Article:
I recently attended a seminar on ethics and corporate governance. And it started with a prayer which guided people to ingrain certain qualities – such as: not to forget one’s character while being engrossed in any work we carry out. It also pointed out the uselessness of innovation when there is no unity among society. And most importantly, one should not forget culture while being aggressive in business.
While I agree that morals are truly important in all areas of life, I also understand that it is not always possible to be ethical. There are always choices and opportunity costs attached to them – the choice that wins is the one that is valued by the decision maker. I sat in that seminar with people from different cultures and backgrounds and I heard a few snarky remarks. It made me feel bad for the speaker, an old man in his late 60s, but at the same time, it made me think. Somehow at that time, I was partially tuned into my Higher-Self as well.
And these are comments I heard:
“Oh, now we have to learn ethics!”
“Blah, blah, blah.”
“The corporates would never strive in an ethical environment. And when it comes down to making a choice between the ethical way and the profitable way, hands down it will be the profit way. How else does one survive? If we make the ethical choices, we may just get replaced for the ones who choose profits”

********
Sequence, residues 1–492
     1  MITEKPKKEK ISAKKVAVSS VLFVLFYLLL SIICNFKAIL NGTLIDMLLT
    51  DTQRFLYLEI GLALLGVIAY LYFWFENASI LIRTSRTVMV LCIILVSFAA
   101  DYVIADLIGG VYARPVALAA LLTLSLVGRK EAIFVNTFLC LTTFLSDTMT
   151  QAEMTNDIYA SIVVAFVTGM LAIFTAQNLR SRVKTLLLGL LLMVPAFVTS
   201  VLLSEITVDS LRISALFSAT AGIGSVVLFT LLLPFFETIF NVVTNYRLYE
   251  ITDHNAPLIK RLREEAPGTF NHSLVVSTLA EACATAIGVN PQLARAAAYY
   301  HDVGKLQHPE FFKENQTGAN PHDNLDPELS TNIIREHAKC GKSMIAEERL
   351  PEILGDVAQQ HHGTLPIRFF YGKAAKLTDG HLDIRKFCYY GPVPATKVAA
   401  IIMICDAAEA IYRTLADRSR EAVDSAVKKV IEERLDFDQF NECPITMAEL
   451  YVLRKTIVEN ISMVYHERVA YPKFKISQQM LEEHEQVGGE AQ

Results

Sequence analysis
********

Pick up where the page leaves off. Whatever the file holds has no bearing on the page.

I sat there thinking why it is that people do not value ethics and morals?
And the answer came: “because we start too late”. This made me think is ethics a subject to be taught in a Bachelor’s or a Master’s program in the first place?
It is something that should be part of a child’s life. If the child hasn’t learned between right and wrong by the age of 5, it may be too late. How can we expect a person to carve a path in a dark forest when they couldn’t see the road in bright daylight?
And perhaps our approach to ethics makes it seem unimportant, because if it is so important – wouldn’t it be part of our lives for a long time?
Often times, when I sit to meditate or do Reiki, I get transported into an idealistic place. This place does not carry human concerns but instead love and uplifting energies – but even then this place can only truly be accessed following a certain code of ethics. I fail to understand why ethics are not spoken about with children, do we think that they are too young? Or is it that we think they won’t understand?
And if we did talk to our children about morals and their life principles, would it reduce incidents of bullying in schools and later on issues in adulthood? It makes me wonder.